Gerald stood on a hill, overlooking the valley that he had lived in for thirty years, and watched the nano-assemblers demolish his village. In its place they built a four hundred story tower block. The chrome, glass and concrete sea advanced in slow ripples through the green countryside. Wanda stood beside Gerald, holding his hand, tears dripped slowly from her cheeks.
“We’ll find somewhere else,” said Gerald in a smooth, calm voice.
Wanda just sobbed and buried her head in his chest.
It had taken Gerald several days of analysis to realise that there was nowhere safe.
“Isn’t there some protocol that we can construct to tie the builders up in legislation?” said Gerald into his laptop. The face on his screen replied.
“The building acts law was defective, the negation of the Green Belt allows the vectors of the nano-builders a carte blanche to carpet the country in an urban sprawl. The law was buggy and now it’s too late.”
“What’s the feeling down there?” said Gerald.
“Resignation. Covered by a blustering propaganda of new century advancement, a bold new future, progress, and so on and so on.”
Gerald sighed, “So we have to run and hide.”
Gerald and Wanda stood on the beach and watched the towers rise across the water.
“I can’t believe we’re watching this again,” said Wanda. Her voice was empty and hollow.
“This island is safe,” said Gerald.
The water before them began to solidify, crystallise and finally grow.
“Gerald?” said Wanda.
“No,” said Gerald in dismay. “They’re building up from the seabed.”
“I think that we better get ready for urban living,” said Wanda, and this time it was Gerald’s turn to cry.
They sat in the ark that had been built on the roof of their tower block, the lowest within a hundred miles. The ark was a mish-mash of aeronautical parts, ship hulls, antique extruded fittings, anything that they could scavenge. Anything that wasn’t assembled by the nano-builders.
The countdown reached its climax and the video stream of the ice caps blew out in a blinding blaze of light. Gerald and Wanda held hands as the tsunami hit and hoped that the water could wash away the city and provide a better life.
The ships of all sizes clustered together in a huddle, riding the ever increasing swell. The last sea. Gerald and Wanda felt nothing but sad resignation as they watched the towers appear on the horizon and edge closer.
“They’ll never stop,” said Gerald.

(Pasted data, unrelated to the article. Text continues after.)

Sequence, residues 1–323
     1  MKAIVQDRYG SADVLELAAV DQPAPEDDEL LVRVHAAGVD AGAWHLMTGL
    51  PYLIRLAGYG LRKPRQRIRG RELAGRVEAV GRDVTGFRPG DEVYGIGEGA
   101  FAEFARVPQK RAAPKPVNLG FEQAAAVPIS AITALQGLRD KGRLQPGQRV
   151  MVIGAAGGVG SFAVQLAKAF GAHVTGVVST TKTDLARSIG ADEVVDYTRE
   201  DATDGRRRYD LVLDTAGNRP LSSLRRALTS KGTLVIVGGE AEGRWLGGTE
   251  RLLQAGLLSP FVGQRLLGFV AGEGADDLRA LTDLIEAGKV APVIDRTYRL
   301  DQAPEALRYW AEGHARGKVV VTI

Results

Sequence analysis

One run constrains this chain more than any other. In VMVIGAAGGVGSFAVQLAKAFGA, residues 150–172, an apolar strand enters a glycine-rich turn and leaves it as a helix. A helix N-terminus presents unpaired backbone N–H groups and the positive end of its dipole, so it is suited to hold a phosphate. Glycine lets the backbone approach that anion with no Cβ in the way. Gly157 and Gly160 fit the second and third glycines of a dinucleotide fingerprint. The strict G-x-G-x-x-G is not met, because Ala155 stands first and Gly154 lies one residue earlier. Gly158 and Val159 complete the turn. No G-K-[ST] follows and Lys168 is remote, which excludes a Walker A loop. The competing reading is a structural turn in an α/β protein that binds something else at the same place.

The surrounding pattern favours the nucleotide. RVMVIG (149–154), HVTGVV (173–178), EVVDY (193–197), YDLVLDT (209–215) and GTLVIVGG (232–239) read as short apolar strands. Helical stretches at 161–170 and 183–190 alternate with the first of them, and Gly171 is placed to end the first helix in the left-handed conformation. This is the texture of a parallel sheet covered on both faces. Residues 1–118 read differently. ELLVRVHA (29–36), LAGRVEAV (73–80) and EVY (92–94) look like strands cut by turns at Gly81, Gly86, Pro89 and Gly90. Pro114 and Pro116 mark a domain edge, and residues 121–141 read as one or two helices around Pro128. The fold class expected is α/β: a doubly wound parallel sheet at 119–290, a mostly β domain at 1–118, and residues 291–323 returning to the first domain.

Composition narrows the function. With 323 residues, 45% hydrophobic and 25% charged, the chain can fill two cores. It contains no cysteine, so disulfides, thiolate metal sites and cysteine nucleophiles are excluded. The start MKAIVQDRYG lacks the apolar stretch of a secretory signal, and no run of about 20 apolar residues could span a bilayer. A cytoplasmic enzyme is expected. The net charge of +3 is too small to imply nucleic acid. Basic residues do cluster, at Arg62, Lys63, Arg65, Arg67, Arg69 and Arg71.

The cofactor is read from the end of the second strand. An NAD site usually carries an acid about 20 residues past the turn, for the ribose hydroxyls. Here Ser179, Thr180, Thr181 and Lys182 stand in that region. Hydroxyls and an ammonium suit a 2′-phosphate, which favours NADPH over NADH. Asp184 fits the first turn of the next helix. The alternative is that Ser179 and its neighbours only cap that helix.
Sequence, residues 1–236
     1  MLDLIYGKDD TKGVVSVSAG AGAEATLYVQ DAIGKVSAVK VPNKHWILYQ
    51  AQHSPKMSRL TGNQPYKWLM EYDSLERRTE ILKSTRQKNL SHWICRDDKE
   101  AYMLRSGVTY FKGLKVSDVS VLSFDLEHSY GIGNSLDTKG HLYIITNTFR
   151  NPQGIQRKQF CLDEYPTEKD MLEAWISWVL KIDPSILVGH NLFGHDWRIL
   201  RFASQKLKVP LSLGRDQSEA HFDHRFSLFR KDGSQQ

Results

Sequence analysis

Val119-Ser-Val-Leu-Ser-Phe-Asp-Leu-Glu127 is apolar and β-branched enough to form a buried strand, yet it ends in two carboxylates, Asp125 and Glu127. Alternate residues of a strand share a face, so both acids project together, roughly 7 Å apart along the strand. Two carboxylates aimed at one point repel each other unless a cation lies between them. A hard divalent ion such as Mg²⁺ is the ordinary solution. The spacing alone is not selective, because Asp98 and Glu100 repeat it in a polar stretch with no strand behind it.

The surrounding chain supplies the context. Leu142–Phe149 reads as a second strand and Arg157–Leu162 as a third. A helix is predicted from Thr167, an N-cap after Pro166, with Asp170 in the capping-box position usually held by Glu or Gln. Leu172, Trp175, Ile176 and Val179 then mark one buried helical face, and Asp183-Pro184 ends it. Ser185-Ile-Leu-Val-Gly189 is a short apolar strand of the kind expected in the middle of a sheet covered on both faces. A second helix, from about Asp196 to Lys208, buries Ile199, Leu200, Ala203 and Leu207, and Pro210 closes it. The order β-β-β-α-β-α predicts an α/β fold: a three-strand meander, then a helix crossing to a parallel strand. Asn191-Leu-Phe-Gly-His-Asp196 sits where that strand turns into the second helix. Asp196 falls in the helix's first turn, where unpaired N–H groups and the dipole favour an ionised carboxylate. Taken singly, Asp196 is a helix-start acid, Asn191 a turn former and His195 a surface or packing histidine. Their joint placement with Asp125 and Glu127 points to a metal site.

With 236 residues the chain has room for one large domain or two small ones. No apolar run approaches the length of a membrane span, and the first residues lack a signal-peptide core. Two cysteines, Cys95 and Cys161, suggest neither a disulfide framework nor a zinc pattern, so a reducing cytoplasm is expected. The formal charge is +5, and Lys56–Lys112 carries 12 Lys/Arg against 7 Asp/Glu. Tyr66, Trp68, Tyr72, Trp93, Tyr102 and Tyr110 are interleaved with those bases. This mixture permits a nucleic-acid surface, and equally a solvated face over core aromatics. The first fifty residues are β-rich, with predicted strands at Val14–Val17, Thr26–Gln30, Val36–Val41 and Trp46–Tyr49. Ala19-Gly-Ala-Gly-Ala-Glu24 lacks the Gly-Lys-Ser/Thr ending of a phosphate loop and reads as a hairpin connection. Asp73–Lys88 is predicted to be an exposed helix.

“No,” said Wanda.
“Then perhaps it’s time to stop running and fight?”
Wanda raised her eyebrows. “Do you have a plan?”
“Yes,” said Gerald.
The clan sat on a small grassy hill, surrounded by so much green that the dull beige walls of the hall could not be seen. Trees, shrubs, flowers, grass, plants in every direction. The standard light arrays had been replaced with pure-sun emitters, and they cast a warm, golden glow.
“How long will it take?” said Gerald.
A young male smiled at Gerald and shrugged. “It depends on how much quality we require. At the moment they’re alpha, so there may be bugs.”
“What do you recommend?” said Gerald.
“I’d be happier with another week or two of testing.”
“It will take that long to organise the simultaneous dispatch,” said Wanda.
Gerald nodded. “True. Anyone object?” No one in the circle spoke. “Very well then,” said Gerald, “the plan is to release in two weeks.”
“Three. Two. One. Go,” said Gerald.
Wanda threw a vial over the side of the tower to a cheer from the collected people.
“Report,” said Gerald.
“Quadrant alpha two has been apprehended by government security,” said a voice through Gerald’s earpiece. “All other quadrants released okay.”
“Look,” said Wanda as she peered over the edge of the building.
Gerald followed her gaze and watched a small blur of green fuzz begin to grow on the street beneath. The green touched the building opposite and slowly it began to melt.
“Time to get down,” said Gerald with a grin.
The government agents strolled towards Gerald and Wanda in a wedge of black coats, black shades and suspicious bulges. Wanda held Gerald’s hand tighter. He smiled a quick, difficult smile and wiggled his naked toes on the grass beneath his feet. The lead agent stopped an arm’s length away and removed his sunglasses.
“You need to call off your bots.”
“Impossible,” said Gerald.
“This is not a request, it’s an order.”
Gerald laughed. “Firstly I don’t accept your authority. I am not a citizen of your government. Secondly, I can’t stop them, just like you can’t stop yours.”
“Then we’ll have to take you with us,” said the agent.
“We’ve captured your developer,” said the agent. He sat opposite Gerald in a grey featureless cell. “We’ll have your green plague under control shortly.”
“To be replaced with another forest of towers?”
“City living is the future,” said the agent.
“Along with your services and your transport and your shops and your control?”
“For the good of society.”
“There will be other developers now,” said Gerald. “Other variants. You can’t stop an idea.”
The agent shook his head, stood up and walked out of the room’s single doorway.
Gerald woke to syrupy rays of sunshine and the walls of his cell dissolving into pretty blue forget-me-nots. Through the wall of flowers strode his wife, Wanda. They embraced. They kissed. A line of snowdrops swirled into the midst of the forget-me-nots and spelled out a word with their white petals. It said ‘free’.
James Bloomer has a PhD in particle physics (he worked at CERN) and has probably forgotten more physics than most people ever learn. He has been running the SF blog Big Dumb Object for 242 internet years and writing Science Fiction for a decade in the real world.